KANKAKEE, Ill. | Call them "pets with benefits" if you want, but keeping a few chickens in a backyard pen is one of the hottest new trends in small-scale, urban agriculture.
In a move toward more civilized communities, the practice of having a cluster of cluckers on the lawn was generally outlawed in local communities more than a half century ago. Bradley, for example, lumps chickens in with pet snakes and bees. None are welcome there.
Outside city limits, area ordinances tend to mandate that any small-time egg operation will have a certain minimum acreage — at least 5 acres of land is the rule in Kankakee County, with the coop at least 200 feet from the property line. Iroquois County guidelines are a little more chicken-friendly. A landowner there can have up to 100 laying hens per acre.
In the broader view, cities such as Sacramento, Calif., Madison, Wis., and Salt Lake City are among the dozens of American communities that have recently changed their laws to re-admit the bird. Closer to home, Chicago has long embraced chickens — but for egg production only, not for competing with Colonel Sanders.
The growing interest in chickens is no surprise to Michael and Sheryl Putz, who live between Martinton and Clifton. When they moved their brood of four children from Chicago Heights almost eight years ago, they knew they were going to raise chickens here.
According to Sheryl, the family enjoys having noncommercial eggs in their meals, and they benefit from selling a few dozen eggs almost every week.
"Actually, with all of the costs considered, we really don't make any money doing this," mom said, stressing that the payback comes more through nutrition value of free range eggs, and the lessons learned from being responsible for living things.
"I can tell you this: We don't order eggs when we go out for breakfast. They're never as good as at home," said Tyler, 21.
Beyond the taste and organic nature of the eggs, Beckah, 14, likes the rainbow of colors in each egg carton she fills. She likes the ribbons she wins at the county fair for "Best Eggs." And she likes the chickens themselves.
"Everybody notices Brutus," she said of the family rooster. "He's a pretty Black Cochin."
He definitely is a showstopper, but he looks a little more brown than black. And — if a chicken could wear sweatpants — that's the strange look his genes have given him.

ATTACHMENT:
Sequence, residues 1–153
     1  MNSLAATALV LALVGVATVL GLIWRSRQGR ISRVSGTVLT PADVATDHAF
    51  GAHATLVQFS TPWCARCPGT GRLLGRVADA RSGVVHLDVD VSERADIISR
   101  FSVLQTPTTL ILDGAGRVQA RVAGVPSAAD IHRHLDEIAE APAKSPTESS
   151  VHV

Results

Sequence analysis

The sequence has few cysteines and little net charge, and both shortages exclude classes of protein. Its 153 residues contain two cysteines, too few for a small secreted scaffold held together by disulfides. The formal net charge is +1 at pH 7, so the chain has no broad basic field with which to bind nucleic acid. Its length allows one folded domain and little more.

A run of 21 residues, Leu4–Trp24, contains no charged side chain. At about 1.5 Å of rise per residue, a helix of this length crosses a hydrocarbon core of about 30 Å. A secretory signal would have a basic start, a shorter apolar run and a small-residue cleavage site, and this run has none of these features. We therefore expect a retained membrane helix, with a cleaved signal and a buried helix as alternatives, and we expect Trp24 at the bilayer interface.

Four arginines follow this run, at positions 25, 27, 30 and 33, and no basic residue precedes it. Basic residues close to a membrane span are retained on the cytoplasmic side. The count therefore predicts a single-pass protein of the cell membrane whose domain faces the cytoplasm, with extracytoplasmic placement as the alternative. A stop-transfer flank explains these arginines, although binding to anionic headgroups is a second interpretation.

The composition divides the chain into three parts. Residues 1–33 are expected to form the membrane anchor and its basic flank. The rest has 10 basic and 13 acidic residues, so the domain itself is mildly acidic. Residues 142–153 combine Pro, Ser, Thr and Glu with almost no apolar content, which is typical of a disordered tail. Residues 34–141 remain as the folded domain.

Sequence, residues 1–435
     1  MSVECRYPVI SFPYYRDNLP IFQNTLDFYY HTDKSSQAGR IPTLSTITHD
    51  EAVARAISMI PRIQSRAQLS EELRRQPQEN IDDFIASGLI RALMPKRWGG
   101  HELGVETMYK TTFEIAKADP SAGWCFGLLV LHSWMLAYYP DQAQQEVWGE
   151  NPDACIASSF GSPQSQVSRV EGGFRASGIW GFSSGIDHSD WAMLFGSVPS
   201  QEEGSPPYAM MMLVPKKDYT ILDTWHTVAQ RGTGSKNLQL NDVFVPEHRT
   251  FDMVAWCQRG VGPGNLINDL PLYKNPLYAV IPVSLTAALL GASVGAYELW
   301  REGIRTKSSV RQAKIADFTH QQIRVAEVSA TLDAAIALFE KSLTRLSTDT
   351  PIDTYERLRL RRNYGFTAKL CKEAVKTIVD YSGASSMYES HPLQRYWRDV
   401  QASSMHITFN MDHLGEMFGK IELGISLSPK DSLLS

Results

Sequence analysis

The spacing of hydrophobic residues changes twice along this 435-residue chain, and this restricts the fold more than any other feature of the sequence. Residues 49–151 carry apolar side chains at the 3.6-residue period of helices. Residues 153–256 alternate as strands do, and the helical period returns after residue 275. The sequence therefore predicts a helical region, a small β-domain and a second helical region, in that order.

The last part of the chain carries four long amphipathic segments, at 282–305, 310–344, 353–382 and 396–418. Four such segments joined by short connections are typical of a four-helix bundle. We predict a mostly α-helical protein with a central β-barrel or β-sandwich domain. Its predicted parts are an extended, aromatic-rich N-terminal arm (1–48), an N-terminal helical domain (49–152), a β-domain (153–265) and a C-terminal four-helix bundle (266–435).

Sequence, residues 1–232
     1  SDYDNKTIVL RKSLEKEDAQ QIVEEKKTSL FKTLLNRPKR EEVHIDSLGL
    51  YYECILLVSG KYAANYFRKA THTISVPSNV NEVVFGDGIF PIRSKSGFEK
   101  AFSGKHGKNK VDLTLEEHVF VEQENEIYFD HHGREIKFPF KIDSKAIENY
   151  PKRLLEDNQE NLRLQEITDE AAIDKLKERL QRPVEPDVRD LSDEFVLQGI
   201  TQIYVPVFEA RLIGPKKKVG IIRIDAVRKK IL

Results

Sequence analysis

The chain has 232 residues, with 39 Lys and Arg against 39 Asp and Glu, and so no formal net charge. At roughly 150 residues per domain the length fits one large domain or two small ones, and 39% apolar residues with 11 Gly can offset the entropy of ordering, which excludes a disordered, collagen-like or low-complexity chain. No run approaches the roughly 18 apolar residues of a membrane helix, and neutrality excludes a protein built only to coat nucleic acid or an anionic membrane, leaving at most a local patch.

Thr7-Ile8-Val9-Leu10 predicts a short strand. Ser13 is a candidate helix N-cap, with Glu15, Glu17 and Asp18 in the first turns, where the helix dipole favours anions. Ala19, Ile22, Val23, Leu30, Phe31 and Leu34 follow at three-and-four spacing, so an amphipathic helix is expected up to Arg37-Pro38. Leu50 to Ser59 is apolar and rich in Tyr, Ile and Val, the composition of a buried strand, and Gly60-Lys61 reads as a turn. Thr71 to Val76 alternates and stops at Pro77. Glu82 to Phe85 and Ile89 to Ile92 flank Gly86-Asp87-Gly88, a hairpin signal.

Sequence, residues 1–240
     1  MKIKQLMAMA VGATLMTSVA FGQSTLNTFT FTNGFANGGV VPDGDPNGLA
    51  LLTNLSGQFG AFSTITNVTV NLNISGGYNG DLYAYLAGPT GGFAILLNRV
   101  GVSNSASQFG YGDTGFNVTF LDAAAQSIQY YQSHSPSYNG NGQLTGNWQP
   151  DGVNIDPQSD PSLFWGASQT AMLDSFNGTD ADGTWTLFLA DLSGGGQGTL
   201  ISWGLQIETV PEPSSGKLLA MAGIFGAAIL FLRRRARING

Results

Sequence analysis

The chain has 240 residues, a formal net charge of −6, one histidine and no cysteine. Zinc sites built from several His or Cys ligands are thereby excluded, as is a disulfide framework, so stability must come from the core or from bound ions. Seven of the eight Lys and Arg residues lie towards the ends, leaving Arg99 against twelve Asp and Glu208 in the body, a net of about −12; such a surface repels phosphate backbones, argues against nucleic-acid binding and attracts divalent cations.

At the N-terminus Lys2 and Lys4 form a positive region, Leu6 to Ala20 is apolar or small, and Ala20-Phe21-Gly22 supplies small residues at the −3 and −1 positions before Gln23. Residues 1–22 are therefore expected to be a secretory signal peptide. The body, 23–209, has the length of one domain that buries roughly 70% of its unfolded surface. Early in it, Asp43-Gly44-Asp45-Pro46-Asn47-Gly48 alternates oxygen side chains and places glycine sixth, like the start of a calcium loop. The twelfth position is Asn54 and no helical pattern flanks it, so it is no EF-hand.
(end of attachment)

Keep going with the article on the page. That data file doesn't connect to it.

The other chickens have their own charms, Beckah said. Some will lay on their sides and "sunbathe." That involves a weird-looking pose, with a wing held up to let the sun hit their sides. Other chickens might be taking dirt baths. Another might be chasing one of the family cats.
Back in the Kankakee area, Faith Rogenberg has a flock that helps with getting rid of food scraps and helps fertilize the yard. Closer to Aroma Park, Laurie Gilmore, explained that her eight hens and four chicks "aren't that much work" for the meals they provide. She also noted that they "seem happy" to see her.
"It seems like they each have their own personality," she said. "We think it's great having them around."
Not that far away, Amanda Culp, the mother of a 6-year-old and an 18-month-old, also looks after eight laying hens that generate about 50 eggs per week.
"We love having the fresh eggs, but maybe we're a little different," she said. "We like to be self-reliant. We do the rain barrel thing and do organic gardening too."
Getting started in the amateur egg business, involves a small coop, that will need an electrical hookup. A handy person could probably buy materials and build one for less, but coop kits cost about $500. You can even find them at Walmart.com, these days.
In case you were asking the question: Which comes first? It's the trip to the store, such as the Big R in Watseka, for the chicks. There also are local bird swap meets if you're looking for something out of the ordinary.